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Uber bans a user named ‘Swastika’ Chandra, later apologizes. What happened?

Vaseline 1 month ago

A woman named ‘Swastika’ Chandra from Australia faced a ban from Uber’s ride-sharing and food delivery services because her first name violated the company’s terms. New York Post reported. She was asked to change it in the app to continue with the services. Five months later, the company apologized, acknowledging that these types of incidents are assessed on a case-by-case basis, and regained access to the app.

Five months later, the company apologized, acknowledging that these types of incidents are assessed on a case-by-case basis, and regained access to the app. (Representative image)

The incident took place in October last year. Chandra encountered the incident when she tried to order food through Uber Eats. During the payment phase, she received a notification stating that her name violated the company’s terms.

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“I was placing a food order one afternoon and went to the payment stage and a pop-up appeared saying, ‘Your first name is in conflict and you need to change your name in the app,’” Chandra told A Current. Affair.

She explained in the program that although she understood her name was linked to Adolf Hitler’s Nazi party, she remained proud of it and would not change it for anyone. “They don’t know that the Hindus used it for thousands of years before Hitler used it in the wrong way,” she said.

Australian woman Swastika Chandra clarified that her first name means “good luck” in Sanskrit and was often used as a name in Fiji, where she spent her childhood.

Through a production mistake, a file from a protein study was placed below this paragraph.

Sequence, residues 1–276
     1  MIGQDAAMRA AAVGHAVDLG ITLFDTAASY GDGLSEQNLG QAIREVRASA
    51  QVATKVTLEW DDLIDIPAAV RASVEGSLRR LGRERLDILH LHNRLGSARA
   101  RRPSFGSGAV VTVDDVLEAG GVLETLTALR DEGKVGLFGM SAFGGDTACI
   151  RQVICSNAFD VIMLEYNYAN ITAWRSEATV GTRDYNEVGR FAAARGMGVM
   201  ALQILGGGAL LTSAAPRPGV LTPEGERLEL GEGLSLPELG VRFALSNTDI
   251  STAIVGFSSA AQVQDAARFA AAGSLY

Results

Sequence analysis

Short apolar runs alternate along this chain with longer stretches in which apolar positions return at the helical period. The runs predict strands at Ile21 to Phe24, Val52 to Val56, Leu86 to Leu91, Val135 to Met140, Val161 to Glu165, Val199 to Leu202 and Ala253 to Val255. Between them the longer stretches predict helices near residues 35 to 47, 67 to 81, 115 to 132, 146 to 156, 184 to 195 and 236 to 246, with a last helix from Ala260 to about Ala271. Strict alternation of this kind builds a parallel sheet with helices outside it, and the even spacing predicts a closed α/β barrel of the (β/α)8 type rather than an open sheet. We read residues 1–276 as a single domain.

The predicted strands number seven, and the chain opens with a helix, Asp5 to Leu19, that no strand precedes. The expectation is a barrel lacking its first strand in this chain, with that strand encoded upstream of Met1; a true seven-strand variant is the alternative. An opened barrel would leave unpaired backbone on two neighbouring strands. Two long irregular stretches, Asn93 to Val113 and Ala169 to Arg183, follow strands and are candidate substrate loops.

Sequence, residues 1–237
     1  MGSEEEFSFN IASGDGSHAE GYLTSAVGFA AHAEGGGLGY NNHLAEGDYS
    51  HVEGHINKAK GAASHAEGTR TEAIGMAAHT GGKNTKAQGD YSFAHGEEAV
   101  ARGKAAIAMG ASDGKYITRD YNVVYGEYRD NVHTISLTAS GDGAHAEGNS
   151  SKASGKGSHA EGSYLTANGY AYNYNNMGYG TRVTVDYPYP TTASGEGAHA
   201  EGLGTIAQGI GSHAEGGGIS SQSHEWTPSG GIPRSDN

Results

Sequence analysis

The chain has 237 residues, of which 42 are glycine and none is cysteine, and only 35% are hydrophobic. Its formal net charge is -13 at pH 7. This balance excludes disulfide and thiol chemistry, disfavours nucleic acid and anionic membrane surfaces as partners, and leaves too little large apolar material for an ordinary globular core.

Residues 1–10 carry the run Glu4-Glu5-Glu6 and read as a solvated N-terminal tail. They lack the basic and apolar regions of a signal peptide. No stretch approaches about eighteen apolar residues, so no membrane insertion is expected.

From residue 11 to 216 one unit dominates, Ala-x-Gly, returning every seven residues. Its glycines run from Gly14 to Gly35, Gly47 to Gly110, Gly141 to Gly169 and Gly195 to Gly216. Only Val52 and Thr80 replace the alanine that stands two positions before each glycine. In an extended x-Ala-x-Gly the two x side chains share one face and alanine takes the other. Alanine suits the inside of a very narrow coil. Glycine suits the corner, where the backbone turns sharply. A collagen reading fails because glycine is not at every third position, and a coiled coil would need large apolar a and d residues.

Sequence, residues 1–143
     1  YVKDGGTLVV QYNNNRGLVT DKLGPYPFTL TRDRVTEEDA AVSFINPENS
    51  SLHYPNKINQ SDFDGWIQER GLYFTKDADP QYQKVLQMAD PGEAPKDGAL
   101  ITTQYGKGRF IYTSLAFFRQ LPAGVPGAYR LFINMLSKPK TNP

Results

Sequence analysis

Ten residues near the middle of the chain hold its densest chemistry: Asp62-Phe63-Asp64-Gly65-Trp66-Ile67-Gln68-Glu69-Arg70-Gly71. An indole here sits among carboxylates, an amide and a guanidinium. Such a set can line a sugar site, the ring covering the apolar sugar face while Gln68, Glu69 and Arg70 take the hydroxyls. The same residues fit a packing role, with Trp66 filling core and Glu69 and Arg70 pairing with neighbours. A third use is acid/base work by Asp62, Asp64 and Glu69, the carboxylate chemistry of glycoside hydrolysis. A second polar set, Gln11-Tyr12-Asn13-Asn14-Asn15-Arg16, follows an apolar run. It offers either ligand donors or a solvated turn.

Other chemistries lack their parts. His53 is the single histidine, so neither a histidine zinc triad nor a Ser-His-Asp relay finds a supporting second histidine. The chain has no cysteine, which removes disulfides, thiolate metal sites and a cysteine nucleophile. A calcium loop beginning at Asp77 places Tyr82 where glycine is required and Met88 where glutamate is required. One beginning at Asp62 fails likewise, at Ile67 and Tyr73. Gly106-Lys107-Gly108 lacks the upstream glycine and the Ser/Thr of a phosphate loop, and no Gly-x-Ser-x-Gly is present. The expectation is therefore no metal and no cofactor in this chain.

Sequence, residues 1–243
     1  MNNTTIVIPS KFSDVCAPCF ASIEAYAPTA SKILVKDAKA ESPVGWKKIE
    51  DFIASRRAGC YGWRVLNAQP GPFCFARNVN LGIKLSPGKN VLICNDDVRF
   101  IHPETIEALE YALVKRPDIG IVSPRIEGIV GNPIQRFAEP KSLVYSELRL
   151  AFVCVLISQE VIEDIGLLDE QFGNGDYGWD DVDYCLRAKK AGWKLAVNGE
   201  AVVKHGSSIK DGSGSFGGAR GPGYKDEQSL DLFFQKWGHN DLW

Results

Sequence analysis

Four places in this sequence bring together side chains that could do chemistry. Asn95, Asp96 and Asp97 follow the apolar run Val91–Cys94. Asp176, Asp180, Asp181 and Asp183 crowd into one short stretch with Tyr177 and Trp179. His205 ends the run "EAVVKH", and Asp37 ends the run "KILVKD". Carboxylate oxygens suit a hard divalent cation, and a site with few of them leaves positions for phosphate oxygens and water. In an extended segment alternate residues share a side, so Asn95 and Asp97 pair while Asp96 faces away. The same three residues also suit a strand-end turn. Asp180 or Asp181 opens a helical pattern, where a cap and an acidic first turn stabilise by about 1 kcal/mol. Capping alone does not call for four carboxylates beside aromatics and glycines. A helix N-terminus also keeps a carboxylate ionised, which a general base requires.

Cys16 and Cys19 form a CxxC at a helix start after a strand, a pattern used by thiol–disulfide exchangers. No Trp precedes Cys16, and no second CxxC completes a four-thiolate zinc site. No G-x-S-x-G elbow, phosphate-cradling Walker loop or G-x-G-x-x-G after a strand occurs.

In 1920, Adolf Hitler adopted the ‘Swastika’ as a symbol for Germany and incorporated it into the flag of the National Socialist Party, or Nazi Party, which rose to prominence in Germany in the following decade.

Uber’s response

After five months, Uber finally granted an exemption to Chandra to rejoin the platform, following the intervention of The Hindu Council and support from the Attorney General of New South Wales.

The New South Wales Jewish Board of Deputies also supported Chandra. Uber apologized to Chandra and acknowledged that their review process took longer than expected, in a statement to news.com.au.

“Uber is committed to facilitating a safe and welcoming environment for all users,” the company said. “For this reason, Uber has a global policy to restrict access to users whose names in the Uber app may contain offensive words.”

“We understand that there are different cultural nuances to names, which is why our teams handle these types of incidents on a case-by-case basis to ensure we assess each account fairly.

“In this case, after assessing MS. At Chandra’s request, we restored her access to the app.

“We have apologized to Ms. Chandra for any inconvenience this has caused her, and we appreciate her patience as we reviewed the matter, which has taken longer than we had hoped.”

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